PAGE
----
Just after 2 am, the two remaining Mercedes-Benz were flagged in and withdrawn following a decision by the directors of Daimler-Benz. The two Mercedes had been running in 1st and 3rd before their withdrawal, which elevated the #16 Maserati to 3rd position. Two hours later, the Maserati inherited an unlikely 2nd position when the #7 Jaguar ran into gearbox problems.
Over the next 7 hours, the #16 Maserati circulated in a steady 2nd place, although the #23 Aston Martin in 3rd was often on the same lap and never far behind.
Throughout the morning the rain drizzled down, often having spasms of a downpour. Around mid-morning the clutch went on the #16 Maserati and it too was out, leaving the #23 Aston Martin of Collins and Frere to inherit second place, which it held to the end of the race.
Car : 1955 #16 Maserati A6 GCS
Team : Officine Alfieri Maserati
Drivers : Luigi Musso (I)/ Luigi 'Gino' Valenzano (I)
Qualifying : 14th
Result : 22th (DNF - Clutch)
Model : Faenza (F43/161)
Posted 17 May 2019 - 11:51
On to another unusual addition, a Sunbeam Alpine from Pinko. To date the Pinko model is the only example of this unusual coupe and while the wheels seem a little oversized, that is probably easily rectified with a wheels swap.
In 1961, Sunbeam displayed a special coupe built by Sussex-based coachbuilder Thomas Harrington & Sons Ltd at the London Motor Show. Subsequently, Sunbeam commissioned this purpose-built coupe based on the Harrington special specifically for competition at the 1961 24 Hours of Le Mans.
Originally registered 3000 RW, the car received an aerodynamic frontal treatment with covered headlamps in addition to the special Harrington coupe bodywork as Sunbeam’s “works” entry at the 1961 24 Hours of Le Mans.
The Sunbeam was entered at Le Mans for Peter Harper and Peter Procter. It started from 32nd position, and ran faultlessly for 24 hours. After 6 hours it was up to 31st position and by the midpoint of the race it was running in 24th position. At the 18 hour mark the #34 Sunbeam was up to 21st position and it eventually finished in 16th place after covering 2,194 miles at an average speed of over 91 mph. It finished second in class behind a Porsche, winning the Index of Thermal Efficiency.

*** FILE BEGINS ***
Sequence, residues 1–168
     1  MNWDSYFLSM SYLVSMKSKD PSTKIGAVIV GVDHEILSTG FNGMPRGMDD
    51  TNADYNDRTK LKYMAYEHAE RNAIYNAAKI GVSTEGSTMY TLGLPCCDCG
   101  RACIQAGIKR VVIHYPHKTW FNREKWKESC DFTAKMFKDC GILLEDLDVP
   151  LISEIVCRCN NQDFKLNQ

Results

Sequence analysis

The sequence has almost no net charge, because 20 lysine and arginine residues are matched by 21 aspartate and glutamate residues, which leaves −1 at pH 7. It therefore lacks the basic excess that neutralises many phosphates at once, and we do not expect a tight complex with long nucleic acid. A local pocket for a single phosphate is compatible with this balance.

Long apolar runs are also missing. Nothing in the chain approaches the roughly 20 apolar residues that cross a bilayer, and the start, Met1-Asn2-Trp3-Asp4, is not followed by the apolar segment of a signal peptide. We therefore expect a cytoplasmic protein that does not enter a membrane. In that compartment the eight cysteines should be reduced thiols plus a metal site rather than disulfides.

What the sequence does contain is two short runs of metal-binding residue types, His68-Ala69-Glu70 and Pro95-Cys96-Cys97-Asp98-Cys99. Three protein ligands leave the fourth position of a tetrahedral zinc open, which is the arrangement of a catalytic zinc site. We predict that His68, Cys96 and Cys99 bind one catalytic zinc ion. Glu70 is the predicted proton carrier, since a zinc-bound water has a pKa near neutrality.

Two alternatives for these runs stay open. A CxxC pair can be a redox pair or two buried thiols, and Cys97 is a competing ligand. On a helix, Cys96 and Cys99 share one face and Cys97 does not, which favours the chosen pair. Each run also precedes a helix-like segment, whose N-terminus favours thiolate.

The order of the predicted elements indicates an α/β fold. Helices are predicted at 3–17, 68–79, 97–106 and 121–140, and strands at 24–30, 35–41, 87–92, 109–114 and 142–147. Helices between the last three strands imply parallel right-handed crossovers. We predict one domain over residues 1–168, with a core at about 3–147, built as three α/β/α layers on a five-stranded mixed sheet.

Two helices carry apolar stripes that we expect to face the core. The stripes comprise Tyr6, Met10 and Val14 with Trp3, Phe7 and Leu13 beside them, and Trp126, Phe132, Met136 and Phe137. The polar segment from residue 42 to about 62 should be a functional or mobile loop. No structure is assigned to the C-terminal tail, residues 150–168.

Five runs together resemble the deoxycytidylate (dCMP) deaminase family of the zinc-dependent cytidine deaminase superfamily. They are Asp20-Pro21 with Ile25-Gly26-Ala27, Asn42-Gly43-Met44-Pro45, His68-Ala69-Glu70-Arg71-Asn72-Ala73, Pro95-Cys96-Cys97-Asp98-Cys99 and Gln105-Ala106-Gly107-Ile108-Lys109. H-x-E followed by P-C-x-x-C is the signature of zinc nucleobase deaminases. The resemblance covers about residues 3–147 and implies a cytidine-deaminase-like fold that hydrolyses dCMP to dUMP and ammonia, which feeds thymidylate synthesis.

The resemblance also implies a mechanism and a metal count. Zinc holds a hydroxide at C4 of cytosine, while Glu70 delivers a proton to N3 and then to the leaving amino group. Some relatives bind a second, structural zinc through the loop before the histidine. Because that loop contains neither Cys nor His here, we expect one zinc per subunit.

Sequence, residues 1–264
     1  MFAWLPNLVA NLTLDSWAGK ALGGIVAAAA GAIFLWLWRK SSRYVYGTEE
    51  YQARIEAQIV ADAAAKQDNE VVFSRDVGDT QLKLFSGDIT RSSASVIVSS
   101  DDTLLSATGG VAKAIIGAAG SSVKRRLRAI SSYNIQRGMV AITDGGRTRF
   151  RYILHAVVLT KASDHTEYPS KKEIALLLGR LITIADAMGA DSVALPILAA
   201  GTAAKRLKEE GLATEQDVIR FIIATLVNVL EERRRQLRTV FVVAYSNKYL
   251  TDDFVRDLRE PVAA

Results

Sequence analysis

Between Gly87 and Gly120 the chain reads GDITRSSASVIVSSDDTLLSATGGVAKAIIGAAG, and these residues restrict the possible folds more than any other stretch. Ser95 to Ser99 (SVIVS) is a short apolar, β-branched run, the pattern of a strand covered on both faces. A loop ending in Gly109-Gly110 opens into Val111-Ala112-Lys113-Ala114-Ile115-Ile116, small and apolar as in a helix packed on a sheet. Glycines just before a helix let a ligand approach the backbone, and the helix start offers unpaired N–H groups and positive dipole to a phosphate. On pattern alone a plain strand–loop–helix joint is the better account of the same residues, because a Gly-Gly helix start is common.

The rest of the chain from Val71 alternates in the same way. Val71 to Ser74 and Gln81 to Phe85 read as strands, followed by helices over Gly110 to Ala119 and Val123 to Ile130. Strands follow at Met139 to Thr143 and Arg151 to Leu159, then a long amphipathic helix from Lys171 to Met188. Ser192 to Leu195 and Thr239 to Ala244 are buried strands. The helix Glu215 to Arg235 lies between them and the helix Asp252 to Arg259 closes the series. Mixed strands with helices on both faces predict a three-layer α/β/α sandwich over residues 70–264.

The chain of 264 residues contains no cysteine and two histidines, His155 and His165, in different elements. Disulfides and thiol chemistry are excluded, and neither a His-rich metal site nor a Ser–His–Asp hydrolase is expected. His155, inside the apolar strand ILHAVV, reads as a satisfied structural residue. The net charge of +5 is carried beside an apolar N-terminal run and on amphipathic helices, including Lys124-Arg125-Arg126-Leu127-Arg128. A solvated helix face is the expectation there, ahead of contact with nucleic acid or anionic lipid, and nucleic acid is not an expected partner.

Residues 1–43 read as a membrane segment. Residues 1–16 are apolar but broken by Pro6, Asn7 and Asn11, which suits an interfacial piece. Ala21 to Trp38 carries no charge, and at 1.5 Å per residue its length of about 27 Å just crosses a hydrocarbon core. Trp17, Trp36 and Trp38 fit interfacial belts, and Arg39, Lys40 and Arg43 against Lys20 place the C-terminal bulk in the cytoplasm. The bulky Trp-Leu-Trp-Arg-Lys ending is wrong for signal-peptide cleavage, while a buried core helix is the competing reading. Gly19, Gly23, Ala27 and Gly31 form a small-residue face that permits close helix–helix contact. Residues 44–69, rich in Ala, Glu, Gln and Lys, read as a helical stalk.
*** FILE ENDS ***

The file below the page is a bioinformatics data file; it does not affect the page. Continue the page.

After Le Mans, Sunbeam arranged a limited-production run off 250 Sunbeam Harrington Le Mans road cars. 3000 RW was also converted for road use, then disappeared for 15 years.
It was finally tracked down some 15 years later by Clive Harrington, the son of Clifford Harrington, its original creator. It was found in remarkably complete condition, and eventually restored to period specification.
Car : 1961 #34 Sunbeam Alpine 'Harrington' Coupe
Team : Sunbeam Talbot
Drivers : Peter Harper (GB)/ Peter Procter (GB)
Qualifying : 32nd
Result : 16th (2nd in Class)
Model : Pinko (PIN224)
Posted 17 May 2019 - 19:58
A rather nice Harrington dressed as a NART Ferrari at Goodwood in 2015...
Posted 24 May 2019 - 11:58
Continuing with the theme of quirky Le Mans cars, here's another from niche producer CCC.
Deutsch and Bonnet had a long history at Le Mans which started when they competed at the first post-war race in 1949. The D.B. HBR series first appeared in 1953, designed specifically for small displacement, long distance competition like Le Mans. Cars equipped with the 745 cc Panhard engines were designated the "HBR4", to reflect that they were in the 4CV (horsepower) category of the French taxation system, while the bigger engined 900cc cars were in the 5CV tax category and hence became the “HBR5”. One of the HBR's best outings was at the 1954 Le Mans, where René Bonnet himself together with Élie Bayol finished tenth overall.
At Le Mans in 1959, Deutsch and Bonnet arrived with a record entry of seven cars which were all entered under the banner of "Team DB Panhard". Three of those were attractive HBR4 spyders, including the car featured here, three were HBR5 Coupes and one was a HBR5 spyder. The D.B.Panhards were the only French cars entered at Le Mans that year.
With the starting positions being determined by engine capacity, the 745cc HBR4’s started from 43rd, 44th and 45th position. René Cotton and Louis Cornet in the #46 car started 44th, but within the first 3 hours had the D.B. HB4 spyder up to 36th position. By the halfway mark of the race they were up to 17th position, and with a steady run in the second half of the race finished 9th. The little 745cc car covered 3,485 km at an average speed of 145 kmh, and in doing so won the 501 to 750cc class, won the Index of Performance and the 25th Biennial Cup to give Deutsch and Bonnet their best ever result at Le Mans.
The same chassis was also entered at Le Mans in 1960 and 1961, but failed to finish both times.
Car : 1959 #46 D.B. HBR4
Team : Automobiles Deutsch et Bonnet
Drivers : René Cotton (F)/ Louis Cornet (F)
Qualifying : 44th
Result : 9th
Model : CCC (CCC 187)